The official site of the City of Renton



You are here : City News

City of Renton passes emergency fair housing regulations ordinance prohibiting discrimination of tenants participating in Section 8

November 8, 2016

City of Renton Contacts:
Preeti Shridhar,
Deputy Public Affairs Administrator, 425-430-6569

Landlords are prohibited from discriminating against tenants and potential tenants based on participation in Section 8; civil penalties are prescribed for violations

Renton, WA – Renton City Council unanimously passed an emergency ordinance (ORD5826) last night prohibiting property owners and managers from discriminating against tenants or potential tenants based on their participation in the Section 8 housing program. The ordinance also establishes penalties and an appeals process. The ordinance takes effect immediately and will expire on August 1, 2017.

“When a group of tenants who participate in Section 8 housing came to us two weeks ago with the predicament that they were being displaced, we were very concerned about their challenges and we felt it was critical to address the issue right away,” said Mayor Denis Law. “We are very pleased that the Council passed the emergency ordinance that helps protect families under these circumstances.”

The Mayor and city administrators held several meetings with housing advocates to better understand what the families need and determine the steps to take. City staff worked with the Renton Housing Authority, Tenants Union and three community organizations (St. Vincent de Paul, Catholic Community Services, and Multi-Service Center) to provide assistance and find solutions for the families impacted.

“We have also taken steps to address the issues faced by the group of tenants who came to us initially, “said Law. “We brought various organizations together including the Renton Housing Authority, the Tenants Union and various human services organizations to find solutions. As a result many of the landlords have either withdrawn their renewal notices or are now allowing tenants to stay until the end of their leases.”

“We heard passionate debate on both sides of the issue, at council meetings and via email,” said Council President Randy Corman. “These families are among Renton’s most vulnerable and it’s our duty to protect them. The ordinance gives us the ability to make sure they are treated fairly.”

In an email to the Mayor and City Council Dr. Linda Smith, a community advocate, had the following comment:

“I want to say thank you for your compassionate care in passing the Section 8 voucher protection for families and individuals here in Renton. I especially appreciate the urgency you placed on this matter and the fact that you took immediate action to find a solution. This was a major success as it does eliminate undue stress from so many families and children lives who potentially faced sleeping on the streets.”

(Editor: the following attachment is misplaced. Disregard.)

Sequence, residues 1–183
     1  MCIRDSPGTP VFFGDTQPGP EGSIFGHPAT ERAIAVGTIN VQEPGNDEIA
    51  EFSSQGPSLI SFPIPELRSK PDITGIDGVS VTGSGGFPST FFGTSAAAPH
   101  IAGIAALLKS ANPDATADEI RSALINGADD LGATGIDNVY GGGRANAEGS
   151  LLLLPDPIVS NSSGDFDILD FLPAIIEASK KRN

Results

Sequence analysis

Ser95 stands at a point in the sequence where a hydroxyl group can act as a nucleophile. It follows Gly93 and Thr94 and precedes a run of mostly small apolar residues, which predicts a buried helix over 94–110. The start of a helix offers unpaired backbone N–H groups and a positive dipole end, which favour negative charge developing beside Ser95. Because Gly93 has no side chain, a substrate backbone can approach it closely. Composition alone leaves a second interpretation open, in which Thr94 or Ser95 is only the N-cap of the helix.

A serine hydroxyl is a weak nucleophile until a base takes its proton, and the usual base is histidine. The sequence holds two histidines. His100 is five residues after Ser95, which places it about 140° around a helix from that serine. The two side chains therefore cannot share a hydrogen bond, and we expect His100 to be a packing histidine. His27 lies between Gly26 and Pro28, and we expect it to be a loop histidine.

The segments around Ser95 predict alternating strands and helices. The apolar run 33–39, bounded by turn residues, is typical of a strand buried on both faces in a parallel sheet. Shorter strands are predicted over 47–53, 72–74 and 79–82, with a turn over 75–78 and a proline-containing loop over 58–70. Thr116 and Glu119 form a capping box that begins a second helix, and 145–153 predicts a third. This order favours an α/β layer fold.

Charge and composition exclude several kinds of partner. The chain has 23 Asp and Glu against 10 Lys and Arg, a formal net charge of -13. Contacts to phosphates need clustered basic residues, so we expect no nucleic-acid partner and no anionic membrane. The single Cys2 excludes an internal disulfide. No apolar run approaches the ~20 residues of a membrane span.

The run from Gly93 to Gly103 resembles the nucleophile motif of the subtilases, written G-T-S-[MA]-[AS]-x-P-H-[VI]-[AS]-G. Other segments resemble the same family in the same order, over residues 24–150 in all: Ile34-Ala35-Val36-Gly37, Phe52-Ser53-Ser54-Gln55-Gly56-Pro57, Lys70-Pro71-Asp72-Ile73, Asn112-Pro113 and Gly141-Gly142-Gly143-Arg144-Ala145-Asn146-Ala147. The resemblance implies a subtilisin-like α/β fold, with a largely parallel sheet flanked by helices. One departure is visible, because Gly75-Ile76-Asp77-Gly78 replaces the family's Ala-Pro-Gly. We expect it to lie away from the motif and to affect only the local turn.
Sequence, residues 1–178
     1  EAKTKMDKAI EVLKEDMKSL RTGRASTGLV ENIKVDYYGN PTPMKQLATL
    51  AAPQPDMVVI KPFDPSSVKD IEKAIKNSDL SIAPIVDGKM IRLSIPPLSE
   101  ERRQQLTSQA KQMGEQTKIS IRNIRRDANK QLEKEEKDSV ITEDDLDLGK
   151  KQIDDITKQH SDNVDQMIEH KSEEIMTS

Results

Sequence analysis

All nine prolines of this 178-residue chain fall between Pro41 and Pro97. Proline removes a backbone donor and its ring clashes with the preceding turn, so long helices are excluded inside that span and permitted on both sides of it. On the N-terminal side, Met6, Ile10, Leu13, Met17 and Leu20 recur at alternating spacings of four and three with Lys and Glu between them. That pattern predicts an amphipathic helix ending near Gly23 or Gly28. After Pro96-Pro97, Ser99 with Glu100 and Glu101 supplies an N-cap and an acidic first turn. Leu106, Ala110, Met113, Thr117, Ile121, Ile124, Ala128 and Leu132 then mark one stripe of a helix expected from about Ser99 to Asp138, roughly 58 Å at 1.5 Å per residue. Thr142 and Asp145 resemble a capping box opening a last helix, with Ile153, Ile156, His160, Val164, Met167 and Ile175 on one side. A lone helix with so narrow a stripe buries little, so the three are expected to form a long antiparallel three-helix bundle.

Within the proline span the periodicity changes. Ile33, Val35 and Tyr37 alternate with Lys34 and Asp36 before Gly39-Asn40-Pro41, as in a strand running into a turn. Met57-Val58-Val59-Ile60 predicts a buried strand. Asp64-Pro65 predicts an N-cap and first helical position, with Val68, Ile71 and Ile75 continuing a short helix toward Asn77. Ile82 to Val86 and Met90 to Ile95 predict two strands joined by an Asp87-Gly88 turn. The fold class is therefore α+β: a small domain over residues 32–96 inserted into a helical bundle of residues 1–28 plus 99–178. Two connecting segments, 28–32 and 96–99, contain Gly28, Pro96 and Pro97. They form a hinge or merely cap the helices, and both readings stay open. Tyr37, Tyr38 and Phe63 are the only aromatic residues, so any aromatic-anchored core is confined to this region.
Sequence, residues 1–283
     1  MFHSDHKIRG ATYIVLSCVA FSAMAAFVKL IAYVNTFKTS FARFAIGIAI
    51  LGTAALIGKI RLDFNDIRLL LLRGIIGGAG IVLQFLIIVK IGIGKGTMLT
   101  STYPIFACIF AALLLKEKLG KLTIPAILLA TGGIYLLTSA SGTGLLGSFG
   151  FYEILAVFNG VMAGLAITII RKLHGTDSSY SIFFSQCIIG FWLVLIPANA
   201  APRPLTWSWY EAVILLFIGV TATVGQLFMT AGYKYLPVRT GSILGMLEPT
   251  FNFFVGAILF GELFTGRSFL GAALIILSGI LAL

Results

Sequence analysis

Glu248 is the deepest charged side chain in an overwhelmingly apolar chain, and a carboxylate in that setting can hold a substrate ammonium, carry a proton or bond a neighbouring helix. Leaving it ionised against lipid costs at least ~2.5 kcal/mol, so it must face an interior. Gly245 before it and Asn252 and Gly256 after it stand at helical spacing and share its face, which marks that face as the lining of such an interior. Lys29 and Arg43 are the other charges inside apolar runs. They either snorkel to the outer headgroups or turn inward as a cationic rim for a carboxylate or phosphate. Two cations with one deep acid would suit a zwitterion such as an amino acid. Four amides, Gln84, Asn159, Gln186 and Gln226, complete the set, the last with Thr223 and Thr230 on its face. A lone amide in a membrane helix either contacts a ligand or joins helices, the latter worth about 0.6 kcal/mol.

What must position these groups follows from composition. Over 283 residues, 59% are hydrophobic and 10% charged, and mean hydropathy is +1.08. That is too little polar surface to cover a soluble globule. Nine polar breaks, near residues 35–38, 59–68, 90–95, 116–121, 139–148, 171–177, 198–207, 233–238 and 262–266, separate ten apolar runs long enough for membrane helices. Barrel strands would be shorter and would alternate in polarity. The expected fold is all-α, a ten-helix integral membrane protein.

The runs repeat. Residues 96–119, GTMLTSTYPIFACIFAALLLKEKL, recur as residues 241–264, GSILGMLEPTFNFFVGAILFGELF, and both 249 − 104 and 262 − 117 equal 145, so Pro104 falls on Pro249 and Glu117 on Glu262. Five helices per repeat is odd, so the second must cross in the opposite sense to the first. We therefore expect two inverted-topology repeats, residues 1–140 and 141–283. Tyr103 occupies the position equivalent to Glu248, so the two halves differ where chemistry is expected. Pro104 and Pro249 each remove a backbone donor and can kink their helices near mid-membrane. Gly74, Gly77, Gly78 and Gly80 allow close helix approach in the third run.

The ordinance makes it illegal for any property owner, manager, landlord or agent to refuse to rent to a person solely on the fact the person plans to pay a portion of the rent using money from Section 8, which is administered by the Department of Housing and Urban Development. Landlords are also prohibited from refusing to allow required health and safety inspections by the public housing authority, and must now provide written notice to explain why the unit is ineligible.

The first violation of the ordinance is subject to a $1,000 civil fine. A second violation by the same person within a two-year period is subject to a $2,500 fine. A third violation by the same person within a three-year period would be classified as a gross misdemeanor and subject to a jail sentence of 364 days and up to a $5,000 fine and restitution. Appeals must be made in writing to the City Clerk’s office no later than 14 days after the fine was issued. The appeal will be reviewed by the Community and Economic Development administrator or designee.

The passing of an ordinance is just the latest step the city has taken to assist low-income families.

“The housing market throughout the region has shifted and caused hardships for families of all income levels,” said Law. “Cost of homes and rental rates are increasing throughout the region. Like other areas in Seattle and Bellevue, Renton is also becoming increasingly unaffordable. We need to find long term solutions for affordable housing.”

To provide more help, the City of Renton will host a Housing Resource Fair on Thursday, November 10, from 3 to 5 p.m. at the Renton Community Center. The fair is designed to bring human services organizations along with the Renton School District together to provide assistance.